I have received several emails from Demand Studios writers, quick to defend Demand Studios. They seem to think that all is well in the DS world. They don't mind writing for less than peanuts and losing all rights to their work. The abuse is "part of the job."

I so want to write back and ask, "What planet are you on?" Do they not realize that freelance writers make much more than what Demand Studios pay? Do they not know that they are professionals (should be professionals, at least) and deserve to be treated as such? Many are so thankful for the extra income in these hard times they are willing to write almost anything and put up with everything to get that weekly paycheck. They seem to think that $15 or $30 an article is a great amount of money to make as a writer. Well, it isn't. Freelancers should be making three times that amount and more.

One point they make I can't argue with. "If you don't like it, don't write for them." That is exactly what I did. I moved on.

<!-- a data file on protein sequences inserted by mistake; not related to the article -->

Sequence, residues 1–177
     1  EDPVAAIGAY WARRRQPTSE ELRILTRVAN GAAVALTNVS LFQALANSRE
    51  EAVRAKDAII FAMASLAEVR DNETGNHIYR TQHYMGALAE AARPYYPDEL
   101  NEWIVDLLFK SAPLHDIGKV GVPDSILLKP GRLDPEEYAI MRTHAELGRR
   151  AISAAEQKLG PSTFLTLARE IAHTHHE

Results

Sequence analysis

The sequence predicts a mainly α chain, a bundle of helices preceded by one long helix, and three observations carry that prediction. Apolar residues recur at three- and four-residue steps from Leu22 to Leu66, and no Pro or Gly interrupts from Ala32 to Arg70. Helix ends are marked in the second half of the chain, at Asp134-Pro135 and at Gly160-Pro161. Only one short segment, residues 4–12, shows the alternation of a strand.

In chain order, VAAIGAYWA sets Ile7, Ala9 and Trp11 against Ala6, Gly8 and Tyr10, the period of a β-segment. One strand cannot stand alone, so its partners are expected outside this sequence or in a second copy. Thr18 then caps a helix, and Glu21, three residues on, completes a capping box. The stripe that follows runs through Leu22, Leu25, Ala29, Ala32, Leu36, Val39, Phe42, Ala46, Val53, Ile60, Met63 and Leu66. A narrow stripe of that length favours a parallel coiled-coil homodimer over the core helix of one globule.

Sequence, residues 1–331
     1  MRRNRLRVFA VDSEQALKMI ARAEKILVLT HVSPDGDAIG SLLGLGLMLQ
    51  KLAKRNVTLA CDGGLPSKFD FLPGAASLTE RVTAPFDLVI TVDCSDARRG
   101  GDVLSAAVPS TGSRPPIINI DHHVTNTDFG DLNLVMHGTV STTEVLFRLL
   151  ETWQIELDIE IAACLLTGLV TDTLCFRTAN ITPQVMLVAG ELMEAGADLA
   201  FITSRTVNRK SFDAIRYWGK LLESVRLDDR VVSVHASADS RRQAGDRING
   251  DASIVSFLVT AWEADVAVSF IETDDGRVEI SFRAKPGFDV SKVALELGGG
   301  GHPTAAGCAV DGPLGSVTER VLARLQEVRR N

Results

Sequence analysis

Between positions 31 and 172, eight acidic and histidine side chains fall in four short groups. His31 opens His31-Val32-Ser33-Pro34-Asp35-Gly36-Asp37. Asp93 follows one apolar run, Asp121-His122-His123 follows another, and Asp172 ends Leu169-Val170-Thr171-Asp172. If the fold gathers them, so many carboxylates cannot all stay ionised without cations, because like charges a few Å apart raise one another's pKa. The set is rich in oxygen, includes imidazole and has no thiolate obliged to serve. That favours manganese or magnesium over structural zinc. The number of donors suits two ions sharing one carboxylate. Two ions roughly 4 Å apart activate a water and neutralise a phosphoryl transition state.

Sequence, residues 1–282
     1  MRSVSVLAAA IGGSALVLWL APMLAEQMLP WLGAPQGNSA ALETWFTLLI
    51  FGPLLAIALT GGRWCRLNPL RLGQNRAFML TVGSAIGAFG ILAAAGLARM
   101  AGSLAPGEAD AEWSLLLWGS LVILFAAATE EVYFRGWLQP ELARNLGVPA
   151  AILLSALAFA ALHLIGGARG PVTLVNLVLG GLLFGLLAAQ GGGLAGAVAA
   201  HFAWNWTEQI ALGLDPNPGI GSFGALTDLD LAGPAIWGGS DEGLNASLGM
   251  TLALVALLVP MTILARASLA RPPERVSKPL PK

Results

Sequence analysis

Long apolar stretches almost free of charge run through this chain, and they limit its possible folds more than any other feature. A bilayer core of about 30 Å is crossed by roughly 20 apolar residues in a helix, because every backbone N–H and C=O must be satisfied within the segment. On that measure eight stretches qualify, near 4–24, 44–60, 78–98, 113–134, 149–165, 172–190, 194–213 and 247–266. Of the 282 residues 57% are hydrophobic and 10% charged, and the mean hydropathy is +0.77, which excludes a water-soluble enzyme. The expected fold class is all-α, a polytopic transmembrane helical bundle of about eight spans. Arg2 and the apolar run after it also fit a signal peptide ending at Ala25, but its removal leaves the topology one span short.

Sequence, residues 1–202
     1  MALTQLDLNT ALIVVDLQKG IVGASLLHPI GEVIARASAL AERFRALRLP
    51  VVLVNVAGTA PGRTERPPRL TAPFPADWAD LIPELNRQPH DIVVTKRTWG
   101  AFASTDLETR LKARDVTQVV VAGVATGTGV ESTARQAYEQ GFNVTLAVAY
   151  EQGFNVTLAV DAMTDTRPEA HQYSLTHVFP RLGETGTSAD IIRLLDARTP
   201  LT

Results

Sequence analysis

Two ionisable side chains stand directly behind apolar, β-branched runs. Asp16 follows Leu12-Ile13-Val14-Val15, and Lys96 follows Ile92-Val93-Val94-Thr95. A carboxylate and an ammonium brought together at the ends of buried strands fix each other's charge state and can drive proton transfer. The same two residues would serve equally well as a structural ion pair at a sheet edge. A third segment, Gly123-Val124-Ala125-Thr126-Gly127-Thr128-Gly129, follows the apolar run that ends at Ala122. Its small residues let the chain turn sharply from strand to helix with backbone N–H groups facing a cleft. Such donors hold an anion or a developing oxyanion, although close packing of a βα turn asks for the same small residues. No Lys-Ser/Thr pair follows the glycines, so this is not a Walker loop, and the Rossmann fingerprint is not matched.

What happened to me and other writers at Demand Studios is a shame. The company always took advantage of its writers by offering such low pay, but volume made up for it - I tried not to think of the per-word rate I was earning. Once the policies changed, it was unbearable. Back to the reason for writing this...

The article was dead on. It explained the situation quite well. There are pros and cons to writing for Demand Studios. Each writer must make up their own minds if the pros outweigh the cons and if it is worth their time, energy and, sometimes, self-respect to continue writing for them. I made my decisions and they are making theirs. I say more power to them, no matter what that decision may be. I don't live in their skin so I can't say if they are right or wrong.

For the record, I haven't closed the door completely to writing for Demand Studios. Ever the optimist, I am hoping that Demand Studios will see the situation and fix the problems. Once that is done, I will eagerly go back to writing for them. They were a good gig at one time and I hope they will be again. There is no reason why they can't make the necessary improvements. They had almost right at one point - nothing is perfect.